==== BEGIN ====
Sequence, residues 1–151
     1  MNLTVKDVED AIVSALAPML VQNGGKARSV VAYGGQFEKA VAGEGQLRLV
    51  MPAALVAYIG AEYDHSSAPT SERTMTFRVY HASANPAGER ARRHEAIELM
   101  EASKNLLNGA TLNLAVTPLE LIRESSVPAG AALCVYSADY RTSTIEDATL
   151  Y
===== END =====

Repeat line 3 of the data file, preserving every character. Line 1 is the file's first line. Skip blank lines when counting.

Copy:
    51  MPAALVAYIG AEYDHSSAPT SERTMTFRVY HASANPAGER ARRHEAIELM